Framework provides new tools to systematically build cooperation; scientists extend theory of repeated games
When what we want as individuals clashes with what is best for the group, we have a social dilemma. How can we overcome these dilemmas, and encourage people to cooperate, even if they have reason not to? In a paper released today in Nature, Christian Hilbe and Krishnendu Chatterjee of the Institute of Science and Technology Austria (IST Austria), together with Martin Nowak of Harvard and Stepan Simsa of Charles University, have shown that if the social dilemma that individuals face is dependent on whether or not they work together, cooperation can triumph. This finding was the result of a new type of framework that they introduced–one that extends the entire theory of repeated games. Moreover, as their work pinpoints the ideal conditions for fostering cooperation, they have provided tools to systematically build cooperation.
The tragedy of the commons: if we can (ab)use a public good without seeing negative consequences, we will–without consideration of others or the future. We see examples of this in our daily lives, from climate change and forest depletion down to the stack of dirty dishes in the office kitchen. In game theory, scientists have used repeated games–repeated interactions where individuals face the same social dilemma each time–to understand when individuals choose to cooperate, i.e. their strategies. However, these games have always kept the value of the public resource constant, no matter how players acted in the previous round–something that does not reflect reality of the situation. In their new framework, Hilbe, Simsa, Chatterjee, and Nowak consider repeated games in which cooperation does not only affect the players’ present payoffs, but also which game they face in the next round. “Repeated games have been studied intensely for over 40 years, and significant new developments are rare–especially such simple ones,” says Martin Nowak. “This addition actually extends the whole theory of repeated games, as a fixed environment is a special case of our new framework.”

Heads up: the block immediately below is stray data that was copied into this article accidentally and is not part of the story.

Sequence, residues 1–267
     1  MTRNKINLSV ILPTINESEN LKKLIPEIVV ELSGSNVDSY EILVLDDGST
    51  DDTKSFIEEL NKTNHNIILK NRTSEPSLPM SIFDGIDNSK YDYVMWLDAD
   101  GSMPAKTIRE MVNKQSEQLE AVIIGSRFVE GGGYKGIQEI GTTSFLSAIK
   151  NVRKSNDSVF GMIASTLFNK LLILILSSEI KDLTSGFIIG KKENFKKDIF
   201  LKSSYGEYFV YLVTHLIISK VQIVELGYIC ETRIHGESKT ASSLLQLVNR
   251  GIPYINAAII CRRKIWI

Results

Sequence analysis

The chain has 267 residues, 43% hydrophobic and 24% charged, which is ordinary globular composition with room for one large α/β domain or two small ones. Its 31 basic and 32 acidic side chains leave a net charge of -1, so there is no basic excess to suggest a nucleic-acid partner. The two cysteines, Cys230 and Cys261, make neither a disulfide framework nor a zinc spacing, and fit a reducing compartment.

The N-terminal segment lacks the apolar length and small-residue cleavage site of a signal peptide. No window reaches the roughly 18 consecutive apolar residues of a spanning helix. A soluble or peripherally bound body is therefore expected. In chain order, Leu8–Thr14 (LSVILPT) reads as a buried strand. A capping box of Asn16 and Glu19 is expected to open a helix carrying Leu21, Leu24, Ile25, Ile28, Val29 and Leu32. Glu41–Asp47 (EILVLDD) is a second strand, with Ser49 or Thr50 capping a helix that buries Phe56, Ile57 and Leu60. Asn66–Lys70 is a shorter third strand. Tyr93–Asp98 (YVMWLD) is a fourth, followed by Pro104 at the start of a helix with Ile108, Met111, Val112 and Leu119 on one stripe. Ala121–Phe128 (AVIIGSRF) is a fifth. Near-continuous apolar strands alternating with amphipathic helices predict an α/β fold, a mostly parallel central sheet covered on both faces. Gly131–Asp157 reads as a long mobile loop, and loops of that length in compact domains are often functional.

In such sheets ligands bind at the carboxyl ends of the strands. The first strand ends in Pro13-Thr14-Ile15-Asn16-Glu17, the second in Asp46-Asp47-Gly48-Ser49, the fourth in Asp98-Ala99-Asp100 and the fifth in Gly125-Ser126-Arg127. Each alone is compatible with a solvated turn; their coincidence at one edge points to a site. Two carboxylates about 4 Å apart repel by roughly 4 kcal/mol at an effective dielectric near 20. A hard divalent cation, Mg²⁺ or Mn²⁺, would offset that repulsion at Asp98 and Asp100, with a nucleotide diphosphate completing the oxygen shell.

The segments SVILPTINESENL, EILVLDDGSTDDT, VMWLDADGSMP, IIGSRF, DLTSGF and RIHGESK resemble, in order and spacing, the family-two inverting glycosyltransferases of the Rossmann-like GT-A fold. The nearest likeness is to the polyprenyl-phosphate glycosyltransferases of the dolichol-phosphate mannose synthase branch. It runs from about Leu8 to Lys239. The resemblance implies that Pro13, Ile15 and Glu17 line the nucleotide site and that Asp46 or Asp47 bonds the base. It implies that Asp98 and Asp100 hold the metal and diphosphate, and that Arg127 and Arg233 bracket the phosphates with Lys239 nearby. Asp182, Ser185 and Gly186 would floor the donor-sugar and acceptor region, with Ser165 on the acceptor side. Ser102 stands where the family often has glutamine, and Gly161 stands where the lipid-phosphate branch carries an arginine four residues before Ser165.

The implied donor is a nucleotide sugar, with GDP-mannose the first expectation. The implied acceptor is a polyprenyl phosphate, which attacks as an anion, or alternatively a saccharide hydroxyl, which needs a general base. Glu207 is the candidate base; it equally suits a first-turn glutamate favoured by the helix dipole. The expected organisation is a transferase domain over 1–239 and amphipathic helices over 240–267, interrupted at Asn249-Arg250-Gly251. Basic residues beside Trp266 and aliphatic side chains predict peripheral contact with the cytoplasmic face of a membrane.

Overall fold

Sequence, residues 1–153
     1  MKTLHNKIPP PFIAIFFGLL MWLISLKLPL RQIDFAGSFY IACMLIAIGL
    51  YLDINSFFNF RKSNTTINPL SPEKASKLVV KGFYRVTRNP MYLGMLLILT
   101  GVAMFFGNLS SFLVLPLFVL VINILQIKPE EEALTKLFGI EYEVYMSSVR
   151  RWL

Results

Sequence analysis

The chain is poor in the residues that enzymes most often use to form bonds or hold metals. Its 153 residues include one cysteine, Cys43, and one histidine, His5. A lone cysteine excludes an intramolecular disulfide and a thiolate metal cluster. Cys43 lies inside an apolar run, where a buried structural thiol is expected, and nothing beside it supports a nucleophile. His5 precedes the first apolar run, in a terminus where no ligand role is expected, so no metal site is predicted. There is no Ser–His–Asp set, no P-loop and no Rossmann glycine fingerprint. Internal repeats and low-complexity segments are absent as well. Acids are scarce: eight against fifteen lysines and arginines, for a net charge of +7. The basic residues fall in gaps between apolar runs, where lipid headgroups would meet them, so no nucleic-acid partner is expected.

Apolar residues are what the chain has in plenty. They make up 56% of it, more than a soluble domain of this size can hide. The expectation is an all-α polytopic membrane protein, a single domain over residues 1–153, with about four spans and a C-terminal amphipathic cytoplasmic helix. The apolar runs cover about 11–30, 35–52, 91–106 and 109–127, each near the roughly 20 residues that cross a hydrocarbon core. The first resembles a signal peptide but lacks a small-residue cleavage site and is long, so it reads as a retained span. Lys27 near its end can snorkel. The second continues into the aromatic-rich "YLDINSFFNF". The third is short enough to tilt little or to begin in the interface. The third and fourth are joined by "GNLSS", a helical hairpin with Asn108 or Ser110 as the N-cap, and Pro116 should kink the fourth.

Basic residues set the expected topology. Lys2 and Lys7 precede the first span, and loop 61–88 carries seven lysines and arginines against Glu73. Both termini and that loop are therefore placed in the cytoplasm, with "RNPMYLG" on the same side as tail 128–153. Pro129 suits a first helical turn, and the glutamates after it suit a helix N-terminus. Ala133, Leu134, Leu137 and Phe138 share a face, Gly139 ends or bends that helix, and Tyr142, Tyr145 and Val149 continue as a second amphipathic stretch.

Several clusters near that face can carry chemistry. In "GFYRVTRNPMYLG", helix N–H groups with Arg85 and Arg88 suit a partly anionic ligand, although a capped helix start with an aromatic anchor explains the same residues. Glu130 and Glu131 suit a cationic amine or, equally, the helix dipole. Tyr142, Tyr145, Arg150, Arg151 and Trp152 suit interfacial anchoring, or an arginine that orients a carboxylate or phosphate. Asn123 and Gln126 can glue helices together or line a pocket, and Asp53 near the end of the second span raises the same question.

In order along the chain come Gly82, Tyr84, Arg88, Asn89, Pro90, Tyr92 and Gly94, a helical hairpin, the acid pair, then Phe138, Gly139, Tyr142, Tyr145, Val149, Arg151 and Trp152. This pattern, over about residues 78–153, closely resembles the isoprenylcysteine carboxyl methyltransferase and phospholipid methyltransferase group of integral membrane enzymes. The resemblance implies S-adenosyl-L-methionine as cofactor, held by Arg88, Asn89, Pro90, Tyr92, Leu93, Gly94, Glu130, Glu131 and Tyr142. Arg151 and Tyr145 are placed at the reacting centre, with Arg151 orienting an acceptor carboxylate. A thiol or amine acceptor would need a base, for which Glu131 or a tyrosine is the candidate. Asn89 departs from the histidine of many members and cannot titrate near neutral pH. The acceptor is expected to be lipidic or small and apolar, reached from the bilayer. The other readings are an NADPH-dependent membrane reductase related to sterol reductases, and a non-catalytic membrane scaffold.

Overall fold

When they explored the new model, the scientists found that this dependence on players’ actions could greatly increase the chance that players cooperate–provided the right conditions were in place. “Our framework shows which kinds of feedback are most likely to lead to cooperation,” says first author Christian Hilbe. These include, for instance, how quickly the resource degrades or how easy it is to return to a more valuable state. “Using this knowledge, you can design systems that maximize cooperation, or create an environment that encourages people to work together,” he adds. For example, these ideas could even be implemented by a business or corporation, to create a work community that encourages working together.
The new research project also demonstrates how cooperations between fields of research can yield valuable results. “Working with computer scientists has been extremely rewarding for me as a biologist,” adds Nowak. “The tools and perspectives they bring with them have had and will have a significant impact on what we can do.” The authors talk more about how this particular project came to be in their post on the Nature blog.
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